The Baroness Elsa von Freytag Loringhoven’s Body Sweats: Poems of the City and Consumption

^ George Grantham Bain, Claude McRay [i.e. McKay] and Baroness v. Freytag [i.e. Von Freytag-Loringhoven], Photograph. George Grantham Bain Collection, Library of Congress, Washington D.C.

The city for the Baroness evolves out of her bodily penetration of its surfaces. It is both a bastion of promise and a wasteland of demise. As a transgressive site, the city highlights its inherent contradiction, as the Baroness both consumes and is consumed by the metropolis— “the consumptive/ Assumptive” binary on which it is predicated in her poem “Tailend Mistake: America.” In other poems, the city mergers with the Baroness’s own sensory perceptions, as in “Appalling Heart,” wherein the “City stir on eardrum—” represents at once the city as object being perceived and as medium of perception. In “Ostentatious,” she arranges the sky’s cloudy architecture into a surreal cityscape with “Ultramarine/ Avenues/ Limpid/ Thoroughfare.” The poems also document the effects of the city’s sensory overload, as in “Tryst” in which the “Sluggish/ Glowering—” of the Hudson River “Chafes/ At/ Checked/ Motion,” or “Palermo,” wherein the Latinate locale is weighted down in the ominous line “Down city presses eve deep—.”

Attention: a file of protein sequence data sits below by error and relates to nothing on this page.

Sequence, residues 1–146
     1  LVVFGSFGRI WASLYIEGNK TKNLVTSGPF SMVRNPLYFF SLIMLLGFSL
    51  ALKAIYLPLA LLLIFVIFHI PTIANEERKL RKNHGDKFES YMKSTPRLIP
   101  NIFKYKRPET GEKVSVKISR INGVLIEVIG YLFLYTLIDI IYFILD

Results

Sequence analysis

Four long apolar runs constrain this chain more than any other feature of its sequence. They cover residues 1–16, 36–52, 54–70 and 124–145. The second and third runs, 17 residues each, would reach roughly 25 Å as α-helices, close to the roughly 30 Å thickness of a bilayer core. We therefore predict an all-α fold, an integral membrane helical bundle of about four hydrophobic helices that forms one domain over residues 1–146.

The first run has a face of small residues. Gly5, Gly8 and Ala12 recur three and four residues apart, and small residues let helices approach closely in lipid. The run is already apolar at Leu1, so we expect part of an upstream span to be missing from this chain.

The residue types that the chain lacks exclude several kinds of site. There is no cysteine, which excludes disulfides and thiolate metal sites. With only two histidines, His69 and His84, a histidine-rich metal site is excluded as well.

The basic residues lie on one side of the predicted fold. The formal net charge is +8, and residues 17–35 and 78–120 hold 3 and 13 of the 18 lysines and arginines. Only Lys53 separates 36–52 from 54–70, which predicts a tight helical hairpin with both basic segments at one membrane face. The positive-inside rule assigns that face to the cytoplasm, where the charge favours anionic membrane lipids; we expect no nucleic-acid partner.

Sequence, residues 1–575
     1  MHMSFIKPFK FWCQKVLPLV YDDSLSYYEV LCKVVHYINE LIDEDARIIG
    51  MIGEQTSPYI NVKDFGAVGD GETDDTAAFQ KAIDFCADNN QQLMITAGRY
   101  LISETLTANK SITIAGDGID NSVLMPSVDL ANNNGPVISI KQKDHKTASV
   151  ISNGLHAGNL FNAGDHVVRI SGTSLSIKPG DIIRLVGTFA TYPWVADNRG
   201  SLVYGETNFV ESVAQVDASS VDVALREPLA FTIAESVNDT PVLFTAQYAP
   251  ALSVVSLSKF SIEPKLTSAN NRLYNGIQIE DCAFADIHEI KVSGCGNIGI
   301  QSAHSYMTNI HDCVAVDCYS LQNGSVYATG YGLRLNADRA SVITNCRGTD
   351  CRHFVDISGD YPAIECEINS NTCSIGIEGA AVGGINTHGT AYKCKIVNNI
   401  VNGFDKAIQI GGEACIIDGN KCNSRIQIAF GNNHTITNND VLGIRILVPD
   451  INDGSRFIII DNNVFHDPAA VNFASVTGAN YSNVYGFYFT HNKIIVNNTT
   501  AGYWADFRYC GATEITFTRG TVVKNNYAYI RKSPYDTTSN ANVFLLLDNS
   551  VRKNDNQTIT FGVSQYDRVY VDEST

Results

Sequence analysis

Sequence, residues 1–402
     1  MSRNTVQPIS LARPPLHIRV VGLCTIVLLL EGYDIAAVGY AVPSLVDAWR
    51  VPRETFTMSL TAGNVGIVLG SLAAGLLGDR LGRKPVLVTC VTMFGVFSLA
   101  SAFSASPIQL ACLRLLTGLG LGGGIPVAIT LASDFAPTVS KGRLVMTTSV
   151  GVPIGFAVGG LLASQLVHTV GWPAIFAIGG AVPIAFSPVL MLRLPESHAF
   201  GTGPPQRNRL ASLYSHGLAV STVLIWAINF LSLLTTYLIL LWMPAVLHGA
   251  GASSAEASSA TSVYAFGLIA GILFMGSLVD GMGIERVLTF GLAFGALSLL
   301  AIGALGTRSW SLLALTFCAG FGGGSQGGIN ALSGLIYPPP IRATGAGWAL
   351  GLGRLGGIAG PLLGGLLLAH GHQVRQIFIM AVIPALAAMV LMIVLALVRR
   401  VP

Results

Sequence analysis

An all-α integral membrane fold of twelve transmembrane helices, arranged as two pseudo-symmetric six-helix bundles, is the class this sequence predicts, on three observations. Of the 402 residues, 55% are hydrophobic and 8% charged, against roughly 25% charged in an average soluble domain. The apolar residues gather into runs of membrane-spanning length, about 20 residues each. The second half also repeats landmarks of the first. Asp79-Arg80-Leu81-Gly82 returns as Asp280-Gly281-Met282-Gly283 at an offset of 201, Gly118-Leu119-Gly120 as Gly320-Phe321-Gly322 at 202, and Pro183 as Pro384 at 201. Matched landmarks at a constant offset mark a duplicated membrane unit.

–Irene Gammel and Suzanne Zelazo, Body Sweats: the Uncensored Writings of Elsa von Freytag-Loringhoven

APPALLING HEART

City stir — wind on eardrum —
dancewind: herbstained —
flowerstained — silken —rustling —
tripping — swishing — frolicking —
courtesing — careening — brushing —
flowing — lying down — bending —
teasing — kissing: treearms —grass —
limbs — lips.
City stir on eardrum —.
In night lonely
peers —:
moon — riding!
pale — with beauty aghast —
too exalted to share!
in space blue — rides she away from mine chest —
illumined strangely —
appalling sister!

Herbstained — flowerstained —
shellscented — seafaring —
foresthunting — junglewise —
desert gazing —
rides heart from chest —
lashing with beauty —
afleet —
across chimney —
tinfoil river
to meet
another’s dark heart!

Bless mine feet!

(1920)

Adapted from and reprinted with permission of the editors and publisher of Body Sweats: The Uncensored Writings of Elsa von Freytag-Loringhoven, edited by Irene Gammel and Suzanne Zelazo (Cambridge, MA.: MIT Press, 2011): 98, 103-104. For more information and to purchase Body Sweats, head to MIT Press
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